The South Carolina House of Representatives on Tuesday overrode many the vetoes by Governor Nikki Haley that have grabbed headlines in recent weeks, including the Arts Commission, teacher raises, and a special earmark for rape crisis centers.
While lawmakers sided with the governor on a few dozen minor vetoes, most of her higher-profile ones fell by overwhelming margins. Those will now head to the state Senate to be taken up on Wednesday. It requires a two-thirds vote to override the governor.
Lawmakers rallied to save the state Arts Commission by an overwhelming 110-5 vote Tuesday. The agency has been shut down since July 9 after the governor’s veto took effect. Supporters of the arts said the veto would have a serious impact on the nearly $2 million in arts grants the commission doles out each year.
The commission’s executive director Ken May credited a public outpouring of support for his agency, “We’re very gratified that there’s been a lot of contact from constituents talking to their legislators,” he said after the vote.
All five votes in the governor’s favor came from Republicans, although none spoke on Tuesday. Haley herself had made clear she believed arts grants should not be funded by taxpayers, but by private donations.
Lawmakers from both parties defended the Arts Commission vehemently from the floor Tuesday. “Because this agency has been cut well over 50 percent in recent years… we continue to fall behind,” said Rep. James Smith (D-Columbia), “And what our governor fails to understand… is that a healthy arts community goes hand-in-hand with economic development.”
The House also voted to keep teacher’s raises intact on the state level. The governor had tried to block $10 million in one-time money from being set aside, saying it would create problems next year once those funds dried up. However, she kept the full 2 percent teacher raise intact, which Rep. Kenny Bingham (R-Cayce) said would create problems for school districts without the corresponding funds.
“If it goes back to the districts, they can use it for one year,” he said from the floor, “If they don’t get the money and they need it, they’re going to raise local taxes in order to get that.” Representatives sided with Bingham in a bipartisan 113-1 vote (with Rep. Ralph Norman being the lone opposing vote).
Legislators also unanimously blocked the governor’s veto of $453,000 meant for rape crisis centers across the state. Those centers had warned they risked severe cutbacks and possible closure without the funds. The Governor’s Office said the state budget still increased funding for rape victims and prevention even with the vetoes.
Haley posted to her Facebook account throughout the afternoon as each of her vetoes came up for debate. However, the move backfired a bit after she posted that “special interests made their way into the (state Department of Health and Environmental Control’s) budget.”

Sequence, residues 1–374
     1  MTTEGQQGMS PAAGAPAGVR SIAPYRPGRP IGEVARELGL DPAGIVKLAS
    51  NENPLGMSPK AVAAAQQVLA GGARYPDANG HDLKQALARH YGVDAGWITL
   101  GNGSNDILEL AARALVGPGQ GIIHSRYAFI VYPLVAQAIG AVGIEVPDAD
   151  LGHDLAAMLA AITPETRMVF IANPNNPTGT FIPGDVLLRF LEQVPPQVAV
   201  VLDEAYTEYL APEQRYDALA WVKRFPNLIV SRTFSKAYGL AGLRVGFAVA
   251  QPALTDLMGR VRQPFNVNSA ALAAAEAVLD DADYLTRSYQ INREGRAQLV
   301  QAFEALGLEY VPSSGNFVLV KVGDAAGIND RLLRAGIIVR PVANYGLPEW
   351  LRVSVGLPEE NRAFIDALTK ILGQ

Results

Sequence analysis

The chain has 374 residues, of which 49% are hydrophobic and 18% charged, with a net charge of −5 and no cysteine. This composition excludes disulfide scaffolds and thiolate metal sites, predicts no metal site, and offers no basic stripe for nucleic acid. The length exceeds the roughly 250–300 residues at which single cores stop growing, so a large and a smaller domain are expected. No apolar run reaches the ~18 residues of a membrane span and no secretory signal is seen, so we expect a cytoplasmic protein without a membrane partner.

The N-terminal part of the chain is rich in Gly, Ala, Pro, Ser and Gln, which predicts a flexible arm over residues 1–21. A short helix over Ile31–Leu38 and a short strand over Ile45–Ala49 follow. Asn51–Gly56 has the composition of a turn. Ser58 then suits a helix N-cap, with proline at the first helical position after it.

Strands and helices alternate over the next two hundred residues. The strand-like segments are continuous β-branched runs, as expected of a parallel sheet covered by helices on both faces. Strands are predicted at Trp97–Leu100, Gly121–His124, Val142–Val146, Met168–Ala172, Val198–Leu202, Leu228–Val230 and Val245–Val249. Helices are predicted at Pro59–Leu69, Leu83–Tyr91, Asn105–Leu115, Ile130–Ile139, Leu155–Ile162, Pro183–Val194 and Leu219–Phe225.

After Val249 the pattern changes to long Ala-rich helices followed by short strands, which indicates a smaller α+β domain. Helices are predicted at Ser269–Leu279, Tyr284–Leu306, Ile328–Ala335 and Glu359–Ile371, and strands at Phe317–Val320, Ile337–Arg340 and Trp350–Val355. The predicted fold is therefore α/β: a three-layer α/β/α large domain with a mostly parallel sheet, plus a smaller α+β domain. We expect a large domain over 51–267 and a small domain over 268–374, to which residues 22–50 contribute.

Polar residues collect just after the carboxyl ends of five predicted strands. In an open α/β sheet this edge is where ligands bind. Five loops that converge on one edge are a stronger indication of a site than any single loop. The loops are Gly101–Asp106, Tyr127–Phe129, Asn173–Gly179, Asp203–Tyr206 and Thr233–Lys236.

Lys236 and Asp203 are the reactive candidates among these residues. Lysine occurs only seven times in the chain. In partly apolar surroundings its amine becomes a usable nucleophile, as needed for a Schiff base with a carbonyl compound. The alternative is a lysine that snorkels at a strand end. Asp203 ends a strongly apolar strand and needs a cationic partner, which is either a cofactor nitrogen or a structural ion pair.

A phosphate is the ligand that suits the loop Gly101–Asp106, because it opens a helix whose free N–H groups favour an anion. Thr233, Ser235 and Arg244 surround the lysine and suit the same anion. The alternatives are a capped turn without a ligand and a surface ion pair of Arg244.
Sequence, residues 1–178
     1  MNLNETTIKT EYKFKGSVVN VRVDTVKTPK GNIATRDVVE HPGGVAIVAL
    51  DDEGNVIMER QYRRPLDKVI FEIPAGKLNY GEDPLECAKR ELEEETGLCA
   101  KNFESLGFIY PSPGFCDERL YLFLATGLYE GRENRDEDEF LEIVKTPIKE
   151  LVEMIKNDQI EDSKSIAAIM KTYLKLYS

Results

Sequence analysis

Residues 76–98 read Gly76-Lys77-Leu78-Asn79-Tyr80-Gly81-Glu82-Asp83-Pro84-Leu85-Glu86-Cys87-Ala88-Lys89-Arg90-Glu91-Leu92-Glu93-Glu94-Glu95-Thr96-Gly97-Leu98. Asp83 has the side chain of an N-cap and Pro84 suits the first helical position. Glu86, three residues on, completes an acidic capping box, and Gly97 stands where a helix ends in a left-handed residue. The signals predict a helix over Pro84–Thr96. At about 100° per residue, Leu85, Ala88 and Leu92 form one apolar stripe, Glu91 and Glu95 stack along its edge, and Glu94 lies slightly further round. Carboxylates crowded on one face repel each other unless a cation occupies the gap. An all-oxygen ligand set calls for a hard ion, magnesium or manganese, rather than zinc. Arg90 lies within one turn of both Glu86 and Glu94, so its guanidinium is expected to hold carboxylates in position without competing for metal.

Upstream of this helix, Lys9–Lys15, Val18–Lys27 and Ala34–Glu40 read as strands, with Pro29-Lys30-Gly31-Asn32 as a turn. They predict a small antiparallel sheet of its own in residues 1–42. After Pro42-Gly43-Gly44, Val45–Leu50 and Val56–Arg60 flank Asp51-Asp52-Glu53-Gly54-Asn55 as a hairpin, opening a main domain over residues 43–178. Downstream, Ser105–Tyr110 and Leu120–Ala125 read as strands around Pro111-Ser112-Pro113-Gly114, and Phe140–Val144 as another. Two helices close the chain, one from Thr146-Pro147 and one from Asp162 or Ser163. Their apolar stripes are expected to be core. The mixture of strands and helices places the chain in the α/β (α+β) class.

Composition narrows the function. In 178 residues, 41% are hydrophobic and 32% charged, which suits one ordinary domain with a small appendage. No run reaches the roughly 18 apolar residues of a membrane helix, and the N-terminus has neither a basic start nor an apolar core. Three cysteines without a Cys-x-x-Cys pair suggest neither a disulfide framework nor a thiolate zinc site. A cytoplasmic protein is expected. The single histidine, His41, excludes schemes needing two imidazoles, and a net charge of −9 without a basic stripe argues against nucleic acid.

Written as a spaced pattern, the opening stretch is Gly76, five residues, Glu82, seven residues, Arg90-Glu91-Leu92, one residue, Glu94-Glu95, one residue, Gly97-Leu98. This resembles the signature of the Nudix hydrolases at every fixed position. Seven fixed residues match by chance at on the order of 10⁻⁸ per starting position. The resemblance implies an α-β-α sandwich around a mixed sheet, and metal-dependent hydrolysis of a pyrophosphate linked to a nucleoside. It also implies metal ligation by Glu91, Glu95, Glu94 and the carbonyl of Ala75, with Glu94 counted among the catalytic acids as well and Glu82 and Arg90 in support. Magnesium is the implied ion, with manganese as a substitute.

House Democrats pounced on the post, calling the governor “insensitive” for referring to rape victims as special interests. “These comments illustrate that the Governor’s political ambition knows no bounds. Not even the boundaries of common decency,” Rep. Chandra Dillard (D-Greenville) said in a statement, “I call on my former colleague to retract these comments and issue an apology.”
In a narrower 75-34 vote, Republicans in the chamber went against the governor and set aside $5 million for an economic development fund in the state Department of Commerce. The problem was that the money came from a national mortgage settlement. The governor said the money should go to help homeowners battling foreclosure. The resulting vote was unusual in that most Democrats sided with Haley against her own party.
Meanwhile, lawmakers also overrode the governor’s veto of $2.8 million to help the state’s court system maintain a new online database. In her veto message, Haley said lawmakers earlier this year created a special fee that would pay for the electronic system. However, Chief Justice Jean Toal said the Judicial Department will not begin receiving those fees for at least 18 months. Legislators sided with the courts 108-6.
“We depend now on this automation platform and shutting it down would have been a devastating blow to the effectiveness of the court systems in South Carolina for everybody that uses them,” Toal said after the vote.
Lawmakers also overrode Haley’s veto of the Sea Grant Consortium, which coordinates coastal research grants for the state’s colleges, by a 102-10 vote.
The governor did win a few battles, successfully lobbying representatives to remove most of the earmarks she vetoed. In all, the House sustained 30 vetoes, while overriding 51.